The protesters came out of the Capitol around 3 p.m. and gathered again for a few minutes on the lawn with Aldridge and other leaders, imploring those who came to get in contact with their friends and urge them to come next week.

"We want to continue to show the powers that be we need to continue to talk about change that we want to see in our communities," Aldridge said. "It's not just me as a legislator but it's other groups and activists all talking about this crime bill, which doesn't fix any crime in our cities."

The Jefferson City Police Department was patrolling around the Capitol and the entire downtown area Thursday while the protesters were in town. JCPD Capt. Eric Wilde said he was pleased with how Thursday's events went.

"They were able to come to Jefferson City and participate in the democratic process and no laws were broken," Wilde said. "Today was a good day, and it was a good statement about what our country is about. We appreciate that they plan to be back next week, and we appreciate the calm demeanor that they showed today."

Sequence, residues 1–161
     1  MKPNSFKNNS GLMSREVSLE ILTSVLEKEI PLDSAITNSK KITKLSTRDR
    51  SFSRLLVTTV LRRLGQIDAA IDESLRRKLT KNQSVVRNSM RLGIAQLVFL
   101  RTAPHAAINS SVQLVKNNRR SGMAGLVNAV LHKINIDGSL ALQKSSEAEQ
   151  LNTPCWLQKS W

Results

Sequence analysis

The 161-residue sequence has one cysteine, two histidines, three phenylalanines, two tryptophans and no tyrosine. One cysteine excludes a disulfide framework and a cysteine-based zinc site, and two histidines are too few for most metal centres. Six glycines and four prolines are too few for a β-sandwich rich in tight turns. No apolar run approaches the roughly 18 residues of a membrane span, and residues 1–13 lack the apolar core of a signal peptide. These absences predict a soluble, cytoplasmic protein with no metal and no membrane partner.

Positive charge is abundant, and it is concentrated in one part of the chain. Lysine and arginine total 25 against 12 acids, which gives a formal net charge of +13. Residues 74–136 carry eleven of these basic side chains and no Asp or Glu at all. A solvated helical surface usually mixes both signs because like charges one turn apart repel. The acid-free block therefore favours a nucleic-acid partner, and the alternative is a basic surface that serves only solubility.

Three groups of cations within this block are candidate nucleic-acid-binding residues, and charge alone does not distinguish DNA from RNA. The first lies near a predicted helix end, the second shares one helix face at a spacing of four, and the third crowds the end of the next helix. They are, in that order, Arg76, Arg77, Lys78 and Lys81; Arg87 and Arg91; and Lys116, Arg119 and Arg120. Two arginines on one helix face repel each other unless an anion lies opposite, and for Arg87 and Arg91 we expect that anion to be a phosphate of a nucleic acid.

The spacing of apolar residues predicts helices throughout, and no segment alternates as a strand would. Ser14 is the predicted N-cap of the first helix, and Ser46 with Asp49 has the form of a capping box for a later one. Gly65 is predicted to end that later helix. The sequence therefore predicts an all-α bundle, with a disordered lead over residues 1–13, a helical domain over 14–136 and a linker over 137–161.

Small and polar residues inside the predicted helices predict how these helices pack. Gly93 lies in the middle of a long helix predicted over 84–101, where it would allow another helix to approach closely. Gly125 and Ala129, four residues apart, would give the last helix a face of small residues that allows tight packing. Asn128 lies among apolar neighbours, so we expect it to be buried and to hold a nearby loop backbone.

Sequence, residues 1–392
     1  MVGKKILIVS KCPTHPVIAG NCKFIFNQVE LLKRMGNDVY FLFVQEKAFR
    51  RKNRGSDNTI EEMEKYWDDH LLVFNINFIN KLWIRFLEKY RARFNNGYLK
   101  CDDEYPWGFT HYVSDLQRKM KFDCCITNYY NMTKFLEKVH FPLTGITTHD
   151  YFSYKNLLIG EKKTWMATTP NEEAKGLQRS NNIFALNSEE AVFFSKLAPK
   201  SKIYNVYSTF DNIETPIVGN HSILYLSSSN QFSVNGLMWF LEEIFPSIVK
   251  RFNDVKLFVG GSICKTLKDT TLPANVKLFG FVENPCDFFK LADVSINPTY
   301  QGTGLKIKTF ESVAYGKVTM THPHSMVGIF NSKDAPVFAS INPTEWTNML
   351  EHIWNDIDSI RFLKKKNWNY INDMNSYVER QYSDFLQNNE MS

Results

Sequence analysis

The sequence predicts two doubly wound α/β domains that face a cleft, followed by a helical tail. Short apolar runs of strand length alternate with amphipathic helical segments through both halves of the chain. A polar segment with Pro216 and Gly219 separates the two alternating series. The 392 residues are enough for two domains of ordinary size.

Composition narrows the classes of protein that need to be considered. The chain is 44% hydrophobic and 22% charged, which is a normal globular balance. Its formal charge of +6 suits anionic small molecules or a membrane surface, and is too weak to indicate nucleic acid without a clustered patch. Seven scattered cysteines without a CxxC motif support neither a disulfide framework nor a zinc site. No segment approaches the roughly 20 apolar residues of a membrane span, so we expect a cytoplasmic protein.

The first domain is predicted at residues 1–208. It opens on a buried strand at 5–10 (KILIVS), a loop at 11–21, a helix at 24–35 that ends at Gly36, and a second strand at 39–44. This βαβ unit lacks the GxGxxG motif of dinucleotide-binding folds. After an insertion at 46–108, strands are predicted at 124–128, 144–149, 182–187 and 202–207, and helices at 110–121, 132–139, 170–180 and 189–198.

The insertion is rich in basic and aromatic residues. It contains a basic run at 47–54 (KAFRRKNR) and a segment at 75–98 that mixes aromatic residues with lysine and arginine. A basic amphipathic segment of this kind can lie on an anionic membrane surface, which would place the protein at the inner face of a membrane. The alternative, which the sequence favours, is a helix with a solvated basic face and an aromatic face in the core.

Capitol Police Chief Zim Schwartze said they plan for all types of protests coming to the Capitol, and they welcome those who want to protest peacefully.

"The Office of Administration was aware they were here and touched base with the organizers so that we knew what they wanted to do," Schwartze said. "We appreciated the cooperation they showed."